A suitable particle size exiting the holding chamber 114 may be less than about 0.5 millimeters in diameter and typically less than 0.3 millimeters in diameter after maceration. For example, the maximum particle size exiting from the macerator 124 may range from about 0.25 to about 0.5 millimeters in diameter. The initial particle size of particles entering the macerator may range from about 5 to about 10 millimeters in diameter. The term “diameter” is used to signify an average cross-sectional dimension of particles based on the largest cross-section of the particles in the waste stream 112 and is not intended to indicate that the particles are necessarily circular or spherical.
The holding chamber 114 may further comprise a fluid exit port 130 comprising a unidirectional valve 132 and/or a pump for allowing a sufficiently homogenized waste stream 128 to enter a metal ion generation chamber 134 that may be in fluid flow communication with the holding chamber 114.
The metal ion generation chamber 134 contains at least one pair of electrodes 136, 138 that may be electrically connected to a power supply 140. The electrodes 136, 138 may comprise one or more metals, including aluminum, silver, copper, iron, bismuth, gold, or zinc. The metal composition of the electrodes 136, 138 may provide a source for the electrolytic generation of corresponding metal ions.
The power supply 140 may provide electrical energy for the electrodes 136, 138. Application of electrical energy to the electrodes 136, 138 may cause metal ions to be liberated from the electrodes via one or more redox reactions. The liberated metal ions may then become dissolved in the waste mixture particulate suspension in the metal ion chamber 134 so that the ions may provide disinfecting activity to the waste. The voltage and current applied to the electrodes 136, 138 may be externally regulated in order to exercise control over the concentration of metal ions that may be dissolved in the waste suspension in the chamber 134.
Multiple pairs of electrodes 136, 138, each electrode comprising one or more metal compositions and having an appropriate voltage and current flow, may be used to introduce various concentrations of one or more metal ions into the waste mixture suspension. The metal ion generation chamber 134 may itself be used as one of the electrodes.
The dissolved metal ions may act oligodynamically within the waste suspension to deactivate or destroy bacterial, protist, fungal, algal, prion, and viral infectious agents present within the waste. It is believed that a total metal ion concentration of at least several parts per million is suitable for disinfection purposes.
In one embodiment, both silver and copper ions may be produced. It is believed that a concentration of copper ions that is much greater than a concentration of silver ions is particularly suitable for disinfection of waste liquids. Although a concentration ratio of 10:1 Cu to Ag has been found to be highly effective, other ratios may prove to be suitable for this application. Accordingly, ions of different metals may be produced at different concentration levels in order to provide a suitable total dissolved metal ion concentration. In one embodiment, a suitable copper ion concentration may range from about 100 ppm to about 1000 ppm, with a further suitable example being about 400 ppm of copper ions. Likewise, suitable silver ion concentration may range from about 10 ppm to about 100 ppm, with a further suitable example being about 40 ppm of silver ions. A suitable total metal ion concentration for disinfection may range from about 110 ppm to about 1100 ppm. As a further example, a suitable total metal ion concentration may range from about 200 ppm to about 800 ppm, and as another suitable example a total metal ion concentration may range from about 300 ppm to about 600 ppm.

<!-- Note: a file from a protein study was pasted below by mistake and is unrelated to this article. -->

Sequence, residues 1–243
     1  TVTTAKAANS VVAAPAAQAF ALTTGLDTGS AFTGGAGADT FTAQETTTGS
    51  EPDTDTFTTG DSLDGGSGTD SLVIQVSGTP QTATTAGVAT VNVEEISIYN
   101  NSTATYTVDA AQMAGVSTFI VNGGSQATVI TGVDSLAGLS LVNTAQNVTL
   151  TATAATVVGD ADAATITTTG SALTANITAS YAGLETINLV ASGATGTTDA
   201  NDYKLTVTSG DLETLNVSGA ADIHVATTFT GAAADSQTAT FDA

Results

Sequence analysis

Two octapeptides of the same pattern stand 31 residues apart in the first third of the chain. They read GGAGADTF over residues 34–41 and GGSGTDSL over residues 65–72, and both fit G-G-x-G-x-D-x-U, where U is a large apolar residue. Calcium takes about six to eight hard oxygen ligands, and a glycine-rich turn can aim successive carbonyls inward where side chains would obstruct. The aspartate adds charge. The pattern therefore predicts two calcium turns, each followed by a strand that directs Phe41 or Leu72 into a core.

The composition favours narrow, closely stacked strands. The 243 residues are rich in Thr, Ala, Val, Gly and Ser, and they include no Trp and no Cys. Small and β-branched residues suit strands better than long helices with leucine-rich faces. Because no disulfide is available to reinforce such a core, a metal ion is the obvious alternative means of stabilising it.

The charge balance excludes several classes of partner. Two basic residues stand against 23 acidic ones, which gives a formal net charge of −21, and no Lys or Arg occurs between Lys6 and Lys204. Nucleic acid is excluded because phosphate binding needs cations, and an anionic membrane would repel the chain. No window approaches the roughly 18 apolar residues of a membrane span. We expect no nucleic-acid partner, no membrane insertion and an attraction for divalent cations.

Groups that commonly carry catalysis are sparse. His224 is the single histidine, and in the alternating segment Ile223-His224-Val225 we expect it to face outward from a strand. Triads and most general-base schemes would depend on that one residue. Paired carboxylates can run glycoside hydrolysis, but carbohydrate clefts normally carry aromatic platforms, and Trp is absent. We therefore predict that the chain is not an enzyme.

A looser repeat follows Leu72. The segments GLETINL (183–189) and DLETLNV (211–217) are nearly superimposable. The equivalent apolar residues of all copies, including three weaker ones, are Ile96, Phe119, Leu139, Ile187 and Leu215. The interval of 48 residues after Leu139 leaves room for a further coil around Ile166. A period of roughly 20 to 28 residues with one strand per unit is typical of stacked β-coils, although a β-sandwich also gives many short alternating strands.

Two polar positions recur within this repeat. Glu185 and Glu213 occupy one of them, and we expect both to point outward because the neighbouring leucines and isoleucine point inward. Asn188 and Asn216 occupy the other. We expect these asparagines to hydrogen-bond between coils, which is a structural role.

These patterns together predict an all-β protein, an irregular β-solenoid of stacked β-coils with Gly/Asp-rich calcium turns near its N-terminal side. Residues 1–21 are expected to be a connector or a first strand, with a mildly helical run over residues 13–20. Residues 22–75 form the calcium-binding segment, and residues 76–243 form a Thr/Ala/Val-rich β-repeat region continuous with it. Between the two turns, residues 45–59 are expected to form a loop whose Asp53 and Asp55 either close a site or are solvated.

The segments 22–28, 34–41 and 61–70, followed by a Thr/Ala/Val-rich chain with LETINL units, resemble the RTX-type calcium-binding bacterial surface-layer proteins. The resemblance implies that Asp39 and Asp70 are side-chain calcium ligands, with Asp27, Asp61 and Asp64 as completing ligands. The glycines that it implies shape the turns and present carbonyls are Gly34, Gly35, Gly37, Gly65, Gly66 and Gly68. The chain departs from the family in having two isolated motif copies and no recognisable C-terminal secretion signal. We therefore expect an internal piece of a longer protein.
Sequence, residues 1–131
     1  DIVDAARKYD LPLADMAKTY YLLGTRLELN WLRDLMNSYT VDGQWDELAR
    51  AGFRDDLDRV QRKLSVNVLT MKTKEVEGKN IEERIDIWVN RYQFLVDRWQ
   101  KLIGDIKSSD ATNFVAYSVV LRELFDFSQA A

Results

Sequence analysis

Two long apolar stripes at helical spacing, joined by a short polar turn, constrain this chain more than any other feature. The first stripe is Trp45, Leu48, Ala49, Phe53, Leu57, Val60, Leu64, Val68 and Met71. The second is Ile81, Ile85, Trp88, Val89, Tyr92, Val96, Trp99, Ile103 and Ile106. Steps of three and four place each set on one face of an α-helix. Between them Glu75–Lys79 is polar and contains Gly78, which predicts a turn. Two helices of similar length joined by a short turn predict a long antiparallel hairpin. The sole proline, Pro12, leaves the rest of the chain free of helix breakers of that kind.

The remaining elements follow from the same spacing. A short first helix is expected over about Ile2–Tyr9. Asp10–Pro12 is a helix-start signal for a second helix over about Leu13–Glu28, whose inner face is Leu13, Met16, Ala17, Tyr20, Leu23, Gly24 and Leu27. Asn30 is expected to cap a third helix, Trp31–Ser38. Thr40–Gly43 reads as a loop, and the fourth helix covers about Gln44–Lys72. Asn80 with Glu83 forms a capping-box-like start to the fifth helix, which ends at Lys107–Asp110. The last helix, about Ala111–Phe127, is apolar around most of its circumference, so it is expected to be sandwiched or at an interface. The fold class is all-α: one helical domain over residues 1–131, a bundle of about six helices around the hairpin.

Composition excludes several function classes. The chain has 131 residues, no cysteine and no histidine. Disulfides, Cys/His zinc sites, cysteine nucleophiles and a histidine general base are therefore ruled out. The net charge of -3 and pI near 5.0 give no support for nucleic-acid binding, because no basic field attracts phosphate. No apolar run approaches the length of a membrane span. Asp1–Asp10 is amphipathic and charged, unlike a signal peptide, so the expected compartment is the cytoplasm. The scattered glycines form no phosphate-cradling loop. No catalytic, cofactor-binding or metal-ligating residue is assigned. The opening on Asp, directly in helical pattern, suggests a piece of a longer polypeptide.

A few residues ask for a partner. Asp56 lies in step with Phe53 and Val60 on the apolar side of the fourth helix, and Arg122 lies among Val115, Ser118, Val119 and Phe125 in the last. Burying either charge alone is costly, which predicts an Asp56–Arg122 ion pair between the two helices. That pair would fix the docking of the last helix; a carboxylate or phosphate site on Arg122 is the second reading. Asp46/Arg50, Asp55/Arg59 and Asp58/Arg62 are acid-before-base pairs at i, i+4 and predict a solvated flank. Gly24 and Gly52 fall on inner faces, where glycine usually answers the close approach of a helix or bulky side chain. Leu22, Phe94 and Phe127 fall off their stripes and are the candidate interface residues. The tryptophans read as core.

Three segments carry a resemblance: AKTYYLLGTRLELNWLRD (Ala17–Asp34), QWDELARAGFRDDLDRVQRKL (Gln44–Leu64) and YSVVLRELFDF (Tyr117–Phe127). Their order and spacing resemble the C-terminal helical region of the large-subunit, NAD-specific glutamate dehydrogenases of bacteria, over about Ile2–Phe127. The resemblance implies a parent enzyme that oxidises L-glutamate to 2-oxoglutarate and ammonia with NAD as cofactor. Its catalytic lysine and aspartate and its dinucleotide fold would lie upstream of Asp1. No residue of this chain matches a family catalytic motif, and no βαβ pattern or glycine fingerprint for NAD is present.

A metal ion exposure time ranging from about 1 to about 30 minutes may be suitable to provide disinfection to the waste stream, with a further suitable example ranging from about 5 to about 10 minutes of exposure time. Particularly resistant wastes may require additional time or higher concentration of the metal ions. Variations in operation may be accommodated by process control using a programmable controller as part of the system 100.
The electrodes 136, 138 used to produce the metal ions may be pure metals in which multiple pairs of electrodes 136, 138 may be used and voltages and currents to each electrode 136, 138 pair regulated independently in order to control the various metal ion concentrations. The electrodes 136, 138 may also be composed of a mixture of more than one metal, such as a metal alloy, in order to control the concentration of each ion in solution. Each of the electrodes in the pair of electrodes 136, 138 may comprise a distinct and independent composition.